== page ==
In January of 2015 I hit my all time low. I could not function. I cried all the time over anything and everything. I didn’t answer my cell phone. I locked myself in my room and stayed in bed all day. I pushed people away. All I wanted to do was lay in my bed and waste away. I wanted to die.
This behavior landed me my first time in “crazy jail.” (My son calls it that because you’re behind locked doors and because it’s for mentally ill people, crazy people.) I knew I needed help, but I did not think that I need inpatient hospitalization. I called over to Brentwood in Shreveport just to hear them tell me that I did not need to come in; that’s not what happened though. I called the admission line, spoke to some lady for a little bit, and she told me that I needed to check myself in and get some help. That evening I checked myself in. I felt ridiculous doing it because i wasn’t “crazy.” I was just feeling really really sad. I went through the admission process. All my belongings were searched through. All strings were removed from my clothing. My room had a video camera in it to watch my every move. I was behind one locked door after another.
It came time for me to let Ronny go. I’ve never experienced something so painful. The person that I loved most in this world had to leave me; I was going to be by myself. I had to deal with this on my own. There wasn’t someone I knew or felt comfortable with by my side.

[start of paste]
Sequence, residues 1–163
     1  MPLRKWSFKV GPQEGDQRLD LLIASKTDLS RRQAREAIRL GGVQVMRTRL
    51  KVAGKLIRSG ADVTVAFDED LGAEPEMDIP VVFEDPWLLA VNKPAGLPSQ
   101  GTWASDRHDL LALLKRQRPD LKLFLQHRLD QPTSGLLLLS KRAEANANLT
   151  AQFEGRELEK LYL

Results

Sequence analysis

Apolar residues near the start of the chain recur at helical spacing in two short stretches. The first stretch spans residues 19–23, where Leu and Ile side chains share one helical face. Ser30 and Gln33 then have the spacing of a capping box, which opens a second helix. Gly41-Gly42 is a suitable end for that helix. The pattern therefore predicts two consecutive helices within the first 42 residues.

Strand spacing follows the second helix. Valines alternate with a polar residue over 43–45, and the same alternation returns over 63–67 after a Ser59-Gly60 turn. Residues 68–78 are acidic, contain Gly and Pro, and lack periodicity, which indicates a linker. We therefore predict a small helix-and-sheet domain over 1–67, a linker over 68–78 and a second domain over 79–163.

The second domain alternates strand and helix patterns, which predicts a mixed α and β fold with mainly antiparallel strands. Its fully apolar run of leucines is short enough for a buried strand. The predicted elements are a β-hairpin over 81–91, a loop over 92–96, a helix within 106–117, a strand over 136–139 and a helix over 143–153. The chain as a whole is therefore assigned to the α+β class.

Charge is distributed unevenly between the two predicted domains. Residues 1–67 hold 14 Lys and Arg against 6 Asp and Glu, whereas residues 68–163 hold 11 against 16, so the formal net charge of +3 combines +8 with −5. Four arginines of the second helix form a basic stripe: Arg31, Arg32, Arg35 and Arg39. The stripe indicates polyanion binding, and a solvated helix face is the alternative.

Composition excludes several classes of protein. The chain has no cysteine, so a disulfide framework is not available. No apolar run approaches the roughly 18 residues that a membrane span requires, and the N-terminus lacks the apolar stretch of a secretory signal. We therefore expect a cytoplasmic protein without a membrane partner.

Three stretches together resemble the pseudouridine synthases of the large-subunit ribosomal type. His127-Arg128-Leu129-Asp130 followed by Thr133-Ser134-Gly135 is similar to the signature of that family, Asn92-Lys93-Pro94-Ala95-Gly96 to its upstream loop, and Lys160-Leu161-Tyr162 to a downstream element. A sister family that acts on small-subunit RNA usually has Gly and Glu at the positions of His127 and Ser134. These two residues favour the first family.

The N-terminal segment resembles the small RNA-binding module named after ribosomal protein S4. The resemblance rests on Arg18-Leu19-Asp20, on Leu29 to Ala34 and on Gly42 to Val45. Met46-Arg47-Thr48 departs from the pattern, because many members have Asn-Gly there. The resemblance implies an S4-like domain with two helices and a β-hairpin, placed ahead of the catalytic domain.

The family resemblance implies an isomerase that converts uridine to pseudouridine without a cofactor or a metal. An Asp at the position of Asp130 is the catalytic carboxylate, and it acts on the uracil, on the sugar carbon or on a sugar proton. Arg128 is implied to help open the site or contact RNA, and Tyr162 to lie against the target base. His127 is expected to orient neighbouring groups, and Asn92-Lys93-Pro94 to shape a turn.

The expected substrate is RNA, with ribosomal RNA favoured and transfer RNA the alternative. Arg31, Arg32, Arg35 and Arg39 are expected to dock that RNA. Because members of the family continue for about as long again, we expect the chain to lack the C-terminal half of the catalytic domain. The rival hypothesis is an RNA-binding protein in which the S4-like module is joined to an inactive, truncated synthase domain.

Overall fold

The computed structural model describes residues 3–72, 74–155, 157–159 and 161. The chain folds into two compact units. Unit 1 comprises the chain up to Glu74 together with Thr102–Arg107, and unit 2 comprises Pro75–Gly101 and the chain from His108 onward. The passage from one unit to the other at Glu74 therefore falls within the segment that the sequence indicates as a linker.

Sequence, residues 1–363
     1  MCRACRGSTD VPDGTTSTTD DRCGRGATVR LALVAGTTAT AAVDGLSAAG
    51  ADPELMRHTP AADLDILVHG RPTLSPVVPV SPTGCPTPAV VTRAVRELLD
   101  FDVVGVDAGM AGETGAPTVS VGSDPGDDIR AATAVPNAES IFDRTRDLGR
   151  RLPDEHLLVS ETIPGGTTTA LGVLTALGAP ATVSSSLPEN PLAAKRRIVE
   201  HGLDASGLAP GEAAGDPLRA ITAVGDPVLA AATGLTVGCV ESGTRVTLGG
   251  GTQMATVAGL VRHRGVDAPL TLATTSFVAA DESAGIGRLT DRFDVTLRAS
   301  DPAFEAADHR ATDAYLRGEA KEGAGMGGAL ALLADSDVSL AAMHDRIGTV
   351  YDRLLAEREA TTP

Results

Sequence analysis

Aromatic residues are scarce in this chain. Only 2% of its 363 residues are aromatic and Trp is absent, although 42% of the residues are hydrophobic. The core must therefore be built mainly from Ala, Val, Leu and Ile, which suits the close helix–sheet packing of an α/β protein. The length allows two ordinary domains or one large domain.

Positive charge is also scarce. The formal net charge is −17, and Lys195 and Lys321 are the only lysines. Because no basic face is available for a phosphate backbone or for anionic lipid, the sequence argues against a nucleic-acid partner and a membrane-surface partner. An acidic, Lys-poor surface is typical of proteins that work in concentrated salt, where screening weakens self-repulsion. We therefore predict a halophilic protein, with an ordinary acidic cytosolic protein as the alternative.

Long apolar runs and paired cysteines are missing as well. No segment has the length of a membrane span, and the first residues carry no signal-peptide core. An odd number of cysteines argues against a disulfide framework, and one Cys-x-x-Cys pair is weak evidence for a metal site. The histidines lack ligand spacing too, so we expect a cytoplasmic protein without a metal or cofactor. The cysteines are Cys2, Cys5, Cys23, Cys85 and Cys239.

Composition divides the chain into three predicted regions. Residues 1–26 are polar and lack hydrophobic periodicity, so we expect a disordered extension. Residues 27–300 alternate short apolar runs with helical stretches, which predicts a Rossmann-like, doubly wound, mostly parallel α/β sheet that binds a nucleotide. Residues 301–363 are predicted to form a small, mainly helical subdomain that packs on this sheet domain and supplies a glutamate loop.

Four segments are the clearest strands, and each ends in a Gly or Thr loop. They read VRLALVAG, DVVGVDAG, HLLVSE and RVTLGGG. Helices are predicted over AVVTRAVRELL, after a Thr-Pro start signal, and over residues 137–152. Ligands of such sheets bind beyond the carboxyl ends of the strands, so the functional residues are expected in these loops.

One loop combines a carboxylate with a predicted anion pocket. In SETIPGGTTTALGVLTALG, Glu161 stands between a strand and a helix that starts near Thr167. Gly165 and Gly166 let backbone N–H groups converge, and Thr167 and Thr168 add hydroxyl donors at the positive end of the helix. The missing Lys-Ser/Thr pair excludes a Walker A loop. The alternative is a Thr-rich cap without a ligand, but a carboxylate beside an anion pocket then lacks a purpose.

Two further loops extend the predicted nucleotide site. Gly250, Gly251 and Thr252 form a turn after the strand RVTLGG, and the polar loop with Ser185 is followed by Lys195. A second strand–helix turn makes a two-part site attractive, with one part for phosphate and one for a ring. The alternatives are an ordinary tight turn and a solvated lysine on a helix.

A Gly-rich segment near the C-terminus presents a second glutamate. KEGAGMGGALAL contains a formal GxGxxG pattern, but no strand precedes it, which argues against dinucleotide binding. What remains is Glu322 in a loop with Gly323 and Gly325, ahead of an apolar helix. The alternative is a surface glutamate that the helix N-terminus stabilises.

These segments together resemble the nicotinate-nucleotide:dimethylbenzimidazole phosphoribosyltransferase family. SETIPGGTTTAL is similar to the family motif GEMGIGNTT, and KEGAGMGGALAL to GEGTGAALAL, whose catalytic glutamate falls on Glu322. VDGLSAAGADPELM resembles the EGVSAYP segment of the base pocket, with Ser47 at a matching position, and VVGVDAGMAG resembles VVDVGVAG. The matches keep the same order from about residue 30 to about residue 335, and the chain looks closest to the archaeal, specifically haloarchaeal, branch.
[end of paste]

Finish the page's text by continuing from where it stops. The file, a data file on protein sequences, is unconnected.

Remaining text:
I remember walking into the women’s unit, and everyone looked at me. Some came up asking why I was there. My reply was simply, “Depression.” They wanted to know what else was I there for. I simply said, “Depression.” The other women were there for reasons such as methadone addiction, newly diagnosed bipolar, pregnancy and had to come off bipolar medication, or other reasons that seemed so much more severe than my depression.
I very quickly grew close to the women that were there with me. They were some amazing women. They’d been through so much already. I quickly realized that I was not alone. We dealt with our issues together. They were fun, encouraging, helpful, and even though we each had a different diagnosis, we were there together; we weren’t alone.
We had several groups throughout the day in which we talked about coping mechanisms, triggers, and lots more. We had art therapy where we drew ourselves as two trees; one of mine being dark and dying, and the other bright green leaves that was producing fruit. We had gym time where we were required to walk around to get a little exercise. Most of all, we had a lot of time to sit around and think.
You ask, “Did it help you?” I don’t know how to answer that though. It took me out of my reality and gave me a chance to rest. It kept me safe from myself. It got me through my crisis.
It was definitely different for me. I had never been that long without seeing my children. I had never been that long away from Ronny.
I remember one of the women that had been there multiple times saying, “Make sure you eat. Take your medicines. Don’t argue with anyone. Just agree. That’s how you’re going to get out of this place faster.” I swore to myself that I was going to learn all that I could to keep from having to ever be admitted to a mental hospital again.
That was my FIRST stay.